Population Council researchers are testing approaches to determine whether combining cash incentives with girl-centered programming can improve the lives of very young adolescent girls in rural Liberia.
Liberia’s 14-year civil war was one of the most violent conflicts in African history. By its end in 2003, over 250,000 people had been killed, and widespread violence against women had been perpetrated. The post-conflict environment continues to foster sexual and gender-based violence, as well as high rates of adolescent childbearing.
In North-Central Liberia, the situation for adolescent girls is dire. Nearly half of girls age 10-14 are not enrolled in school. Among girls age 15-24, more than one in four girls report having experienced violence (26.9%). In Nimba County, Liberia alone, nearly four in ten rural girls aged 13-14 years have experienced some form of sexual abuse, and nearly half indicated having experienced physical abuse.
The Population Council is conducting a randomized controlled trial (RCT) to evaluate Girl Empower, a girl-centered program that seeks to help 13 to 14-year-old girls make healthy life choices, decrease their risk of sexual abuse, and improve school attendance rates. The Girl Empower program includes a life skills curriculum, facilitated by local mentors, a caregiver discussion group led by International Rescue Committee (IRC) staff, and a savings account start-up.
Eighty-four villages in rural Nimba County, Liberia were assigned to one of three interventions:
- Arm 1: Control group with no Girl Empower intervention
- Arm 2: Girl Empower intervention
- Arm 3: Girl Empower intervention plus a conditional cash incentive to caregivers upon girls’ attendance
The Population Council evaluated seven key outcomes and sub-indexes across the three arms, including sexual violence, schooling, psychological well-being, gender norms, life skills, sexual and reproductive health, and protective factors, such as social capital.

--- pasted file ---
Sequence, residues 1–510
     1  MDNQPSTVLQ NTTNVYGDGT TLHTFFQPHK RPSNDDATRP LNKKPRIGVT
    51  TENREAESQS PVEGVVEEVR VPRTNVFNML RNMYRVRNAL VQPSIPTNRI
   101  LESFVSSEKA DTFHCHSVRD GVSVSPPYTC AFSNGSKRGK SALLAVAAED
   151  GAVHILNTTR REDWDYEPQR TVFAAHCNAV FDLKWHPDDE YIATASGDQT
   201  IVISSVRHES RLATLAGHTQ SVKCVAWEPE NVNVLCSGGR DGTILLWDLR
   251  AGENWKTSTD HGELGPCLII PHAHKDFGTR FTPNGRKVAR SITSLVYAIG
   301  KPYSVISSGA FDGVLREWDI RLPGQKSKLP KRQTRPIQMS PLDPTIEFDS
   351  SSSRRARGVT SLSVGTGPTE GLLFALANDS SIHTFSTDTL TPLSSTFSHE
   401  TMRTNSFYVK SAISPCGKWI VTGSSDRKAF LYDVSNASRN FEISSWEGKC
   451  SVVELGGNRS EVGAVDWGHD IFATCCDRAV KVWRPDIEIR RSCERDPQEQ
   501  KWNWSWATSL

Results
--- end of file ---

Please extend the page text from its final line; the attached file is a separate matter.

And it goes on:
The Girl Empower program, led by the IRC, was designed to support girls in emergency settings to develop and attain financial goals, increase self-confidence, become self-reliant, develop a system of support in their community, and feel supported in a safe and healthy environment. The IRC implemented the Girl Empower model in Liberia and Ethiopia, and the Population Council evaluated the impact of the interventions in Nimba County, Liberia.
Ultimately, results are varied and show that the Girl Empower program had a significant positive impact on some outcomes with limited or no outcomes on others. The Girl Empower program, both with and without the conditional cash transfer, had significant positive impacts on encouraging safer sexual behaviors (prolonged abstinence, more condom use, and fewer sexual partners), gender norms (both for the caregivers and for the girls themselves), and life skills. In each of the three outcome domains, the addition of the condition cash transfer resulted in an even greater positive impact. Notably, the addition of the cash transfer had a 50% stronger effect on sexual behavior outcomes.
This is the first RCT to examine the effects of a cash transfer program combined with gender transformative content on girls’ experience of sexual violence. The research findings will add to the existing knowledge base of interventions for girls in humanitarian settings, and strengthen the evidence-base for girl-centered programming more broadly.